Writing The World: Understanding William Stafford, by Judith Kitchen
Being a person highly interested in poetry myself and very familiar with the writing of William Stafford , it is hard for me to imagine that he might not get his due because he is viewed as being too regional and too simple for sophisticated poetic audiences. Yet I must remind myself that although I am very familiar with Stafford’s work and certainly appreciate him as a poet of the first order, I did not know anything about his poetry when I was myself a young regional poet of the Southeastern United States. Yet I was fortunate enough to attend a lecture from a departing Oregon poet laureate, who if her own poems were not particularly impressive was fond of William Stafford and his works, and that counts for a lot. If one does not write excellent poetry for oneself, at least in one’s appreciation of good poetry one can build a bridge of sympathy with one’s hearers or readers, and this book does good work in providing a thoughtful commentary on William Stafford’s poetry and, perhaps more important, his approach to writing as a way of life and not only as a career where one sought money and fame.
This short book of barely more than 100 pages contains nine chapters after its introduction to the life and writing of William Stafford. The author begins with an exploration into the background of Stafford as being born in Kansas and taken west by his time as a Conscientious Objector during World War II, which isolated him from his neighbors (1). The next six chapters contain discussions of the varied and often deceptively simple poems in the poems of his that were published during his life. The author starts by examining the first couple of poetry books from William Stafford (2), then the stellar success and moral questioning of his breakthrough volume Traveling Through The Dark (3). After this comes a discussion of Stafford’s work of witnessing to a troubled society through is volumes in the 1960’s (4), along with his collections of poetry during the 1970’s when the nation was caught up in the bitterness of the aftermath of Vietnam and Watergate (5). A discussion of Stafford’s refusal to censor himself or to limit his prolific poetic output (6) precedes his wrestling with his own mortality and the death of his eldest son in his last volumes of poetry that find him wanting the world to note him and view his work sympathetically (7). The last two chapters of the book look at Stafford’s poetic technique in some detail with plenty of examples (8) and then look at the willing fallibility of Stafford’s and his refusal to silence his poetic voice through his sometimes sharp inner critic (9), which came out in his sometimes controversial essays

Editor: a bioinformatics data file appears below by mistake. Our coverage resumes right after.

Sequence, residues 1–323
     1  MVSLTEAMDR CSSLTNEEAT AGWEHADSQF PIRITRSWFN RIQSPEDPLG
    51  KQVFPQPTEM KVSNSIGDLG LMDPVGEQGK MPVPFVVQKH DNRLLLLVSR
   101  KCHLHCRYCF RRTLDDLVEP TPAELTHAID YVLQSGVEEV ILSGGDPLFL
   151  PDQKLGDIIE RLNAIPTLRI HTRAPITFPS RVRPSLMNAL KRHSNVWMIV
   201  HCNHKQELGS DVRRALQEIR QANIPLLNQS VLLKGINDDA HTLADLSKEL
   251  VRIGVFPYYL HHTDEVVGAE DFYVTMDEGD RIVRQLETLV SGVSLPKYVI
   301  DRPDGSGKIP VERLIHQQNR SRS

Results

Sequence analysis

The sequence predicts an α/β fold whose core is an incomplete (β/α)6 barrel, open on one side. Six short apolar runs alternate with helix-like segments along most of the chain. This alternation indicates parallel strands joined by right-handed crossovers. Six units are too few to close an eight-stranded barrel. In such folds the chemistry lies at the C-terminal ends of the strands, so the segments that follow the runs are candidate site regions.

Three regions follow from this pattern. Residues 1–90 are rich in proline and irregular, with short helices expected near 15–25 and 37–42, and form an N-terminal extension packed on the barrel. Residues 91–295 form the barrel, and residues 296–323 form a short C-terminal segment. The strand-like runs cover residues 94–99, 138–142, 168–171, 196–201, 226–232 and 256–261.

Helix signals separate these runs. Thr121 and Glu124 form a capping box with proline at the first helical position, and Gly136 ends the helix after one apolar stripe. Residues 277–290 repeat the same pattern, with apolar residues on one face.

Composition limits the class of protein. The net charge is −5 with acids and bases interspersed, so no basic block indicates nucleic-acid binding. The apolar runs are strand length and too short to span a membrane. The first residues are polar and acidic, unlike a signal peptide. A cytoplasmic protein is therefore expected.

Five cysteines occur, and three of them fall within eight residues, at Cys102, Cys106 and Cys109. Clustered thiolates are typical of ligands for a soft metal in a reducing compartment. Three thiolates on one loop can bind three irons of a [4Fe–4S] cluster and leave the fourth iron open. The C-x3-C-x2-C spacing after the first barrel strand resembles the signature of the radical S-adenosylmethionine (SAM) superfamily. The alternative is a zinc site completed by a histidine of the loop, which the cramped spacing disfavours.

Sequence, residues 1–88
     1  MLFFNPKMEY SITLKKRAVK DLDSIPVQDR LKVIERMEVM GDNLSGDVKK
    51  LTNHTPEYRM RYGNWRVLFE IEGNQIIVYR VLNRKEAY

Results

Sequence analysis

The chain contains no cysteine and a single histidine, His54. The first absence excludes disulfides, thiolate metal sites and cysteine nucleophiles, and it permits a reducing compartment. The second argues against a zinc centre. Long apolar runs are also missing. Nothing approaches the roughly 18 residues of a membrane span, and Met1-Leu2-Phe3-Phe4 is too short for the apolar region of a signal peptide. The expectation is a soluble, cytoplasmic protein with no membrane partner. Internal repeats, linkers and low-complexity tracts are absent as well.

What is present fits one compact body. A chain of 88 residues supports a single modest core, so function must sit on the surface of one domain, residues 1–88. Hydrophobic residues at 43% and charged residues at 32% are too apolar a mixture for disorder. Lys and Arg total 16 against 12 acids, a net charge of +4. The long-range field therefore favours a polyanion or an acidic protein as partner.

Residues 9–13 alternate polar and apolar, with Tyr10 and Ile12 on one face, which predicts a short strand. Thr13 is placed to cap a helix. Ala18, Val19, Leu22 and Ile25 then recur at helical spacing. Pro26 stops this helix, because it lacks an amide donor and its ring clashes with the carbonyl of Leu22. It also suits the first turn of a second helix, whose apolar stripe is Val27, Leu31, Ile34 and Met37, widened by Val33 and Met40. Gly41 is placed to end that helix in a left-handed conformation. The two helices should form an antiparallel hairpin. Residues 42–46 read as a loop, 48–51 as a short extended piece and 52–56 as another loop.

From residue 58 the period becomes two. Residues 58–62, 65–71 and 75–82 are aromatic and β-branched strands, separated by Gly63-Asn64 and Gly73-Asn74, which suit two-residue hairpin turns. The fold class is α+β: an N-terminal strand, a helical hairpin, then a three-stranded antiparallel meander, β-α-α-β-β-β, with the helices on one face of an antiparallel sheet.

Overall, the author does a good job not only at introducing the reader to William Stafford as a poet as well as an essayist and a teacher of writing, but also in pointing out that many readers have seen in Stafford’s indirect and sometimes deliberately vague poetry whatever they wanted to see in it, trying to enlist a poet who was very reticent about strident devotion to causes and quarrels in their own quixotic ventures. Stafford was a poet who wanted to be appreciated by a wide and common audience and so his writing is deliberately simple, so deceptively simple that those who are prone to looking at the difficulty of vocabulary to judge the worth of someone’s thinking processes are prone to underestimate the considerable moral complexity of Stafford’s poetry, which is always pushing the reader to ponder their own compromises and their own qualms about being people of honesty and integrity in a world that is hostile to the poet and to the peaceful but questioning sort of soul that Stafford and many other poets are. To understand Stafford, we have to examine ourselves and ponder our own place in this troubled world and our own desire for others to stop and listen to us and take note of what we have to share from our own wellspring of experience.
 See, for example: